The buy-to-let market has “significantly reduced housing stock” for the past 25 years, according to London Money founder Martin Stewart.
He said buy-to-let investments have contributed to reducing the number of houses available on the residential property market.
Stewart commented: “There are over 2.5mn landlords in the UK and 10 per cent of purchased homes are now for investment purposes.
“Both of these are enough in their own right to suggest that buy-to-let has significantly reduced housing stock over the past 25 years.”
Available housing stock has decreased since 2021, according to the latest research by GetAgent.
Its analysis has shown there is an average decrease of 12.5 per cent in houses listed per estate agency branch across Britain since last year.
People looking to move to the Exeter EX38 area, have seen the biggest reduction in house listings with a 93 per cent decrease in listings available per branch since 2021, according to GetAgent (see table, below).
The areas with the biggest decrease in homes listed per branch in 2022 versus 2021
|Post Code||Location / area||Listings per branch - 2021||Listings per branch - 2022||Change - listings per branch 2021 vs 2022|
|YO43||East Riding of Yorkshire||8.9||1.4||-83.90%|
Colby Short, chief executive of GetAgent, said: "With the market already suffering from a drought of its own with respect to available stock, a further reduction should ensure that the scales of supply and demand remain out of balance.
"As a result, property values are likely to remain robust despite the wider pressure of a cost of living crisis."
Last week, FTAdviser reported that property investors are spending an average of 1.2mn per property portfolio, according to research by Octane Capital.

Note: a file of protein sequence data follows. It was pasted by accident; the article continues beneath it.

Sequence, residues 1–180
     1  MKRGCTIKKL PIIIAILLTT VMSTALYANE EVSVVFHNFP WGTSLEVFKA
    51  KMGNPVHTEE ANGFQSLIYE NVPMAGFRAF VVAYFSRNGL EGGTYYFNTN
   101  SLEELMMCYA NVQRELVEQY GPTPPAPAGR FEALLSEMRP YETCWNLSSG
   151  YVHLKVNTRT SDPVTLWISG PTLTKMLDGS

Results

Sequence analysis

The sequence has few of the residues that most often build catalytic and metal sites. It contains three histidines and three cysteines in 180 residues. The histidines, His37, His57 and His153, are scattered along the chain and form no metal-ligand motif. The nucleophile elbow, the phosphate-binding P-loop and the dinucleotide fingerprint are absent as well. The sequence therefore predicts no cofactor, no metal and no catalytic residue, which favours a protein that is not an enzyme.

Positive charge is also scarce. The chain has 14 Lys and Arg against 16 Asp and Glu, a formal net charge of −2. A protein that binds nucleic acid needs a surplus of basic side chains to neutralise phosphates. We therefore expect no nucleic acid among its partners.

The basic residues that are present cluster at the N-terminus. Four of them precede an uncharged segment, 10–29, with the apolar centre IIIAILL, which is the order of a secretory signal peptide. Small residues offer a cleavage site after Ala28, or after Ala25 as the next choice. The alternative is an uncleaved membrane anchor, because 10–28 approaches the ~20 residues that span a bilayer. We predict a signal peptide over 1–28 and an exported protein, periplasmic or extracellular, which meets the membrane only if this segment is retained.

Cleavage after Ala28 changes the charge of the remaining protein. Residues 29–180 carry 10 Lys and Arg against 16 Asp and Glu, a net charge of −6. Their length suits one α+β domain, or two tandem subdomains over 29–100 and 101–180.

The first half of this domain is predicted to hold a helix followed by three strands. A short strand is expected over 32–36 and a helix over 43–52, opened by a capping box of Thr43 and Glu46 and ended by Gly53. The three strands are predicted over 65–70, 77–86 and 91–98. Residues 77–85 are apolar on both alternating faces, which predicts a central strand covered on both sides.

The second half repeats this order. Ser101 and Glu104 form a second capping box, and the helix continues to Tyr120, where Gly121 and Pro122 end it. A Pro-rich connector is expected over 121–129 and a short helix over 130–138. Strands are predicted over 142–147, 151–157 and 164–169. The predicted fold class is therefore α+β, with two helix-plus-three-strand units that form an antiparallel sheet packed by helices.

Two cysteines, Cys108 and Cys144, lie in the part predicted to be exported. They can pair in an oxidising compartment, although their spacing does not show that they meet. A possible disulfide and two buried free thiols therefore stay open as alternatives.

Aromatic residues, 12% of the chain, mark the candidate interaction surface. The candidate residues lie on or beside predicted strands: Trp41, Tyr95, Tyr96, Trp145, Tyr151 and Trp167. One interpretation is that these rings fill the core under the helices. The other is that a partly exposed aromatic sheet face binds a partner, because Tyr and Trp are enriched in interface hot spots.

At the time FTAdviser reported on the research, Octane Capital chief executive Jonathan Samuels said: “Portfolio investment offers advanced investors a far quicker path to scaling their portfolio and, as is often the case when buying in bulk, doing so can result in securing a greater level of value per unit."
Building portfolios boosts property investors
While buying full property portfolios is a popular way for buy-to-let landlords to increase their investments, there have been suggestions that landlords buying and selling full property portfolios to each other means this housing stock does not become available to residential buyers.
Paul Brett, managing director, intermediaries at Landbay, said: “There was talk earlier in the year that landlords might start selling, as interest rates started to rise, [but] this has not happened so far.
“In fact, we are seeing many grow their portfolios and use their existing limited companies to do so.”
Supply and demand remains an issue for the residential property market.
Brett commented: “Of course, there is a supply and demand issue for residential homes, however the challenge here is applicant affordability.”
However, the effect of property portfolios on the property market is uncertain, according to Stewart.
Stewart commented: “I am not too sure there is enough data to ascertain the true impact of portfolio lending, especially when lenders themselves have different rules surrounding what is and isn’t a portfolio landlord.”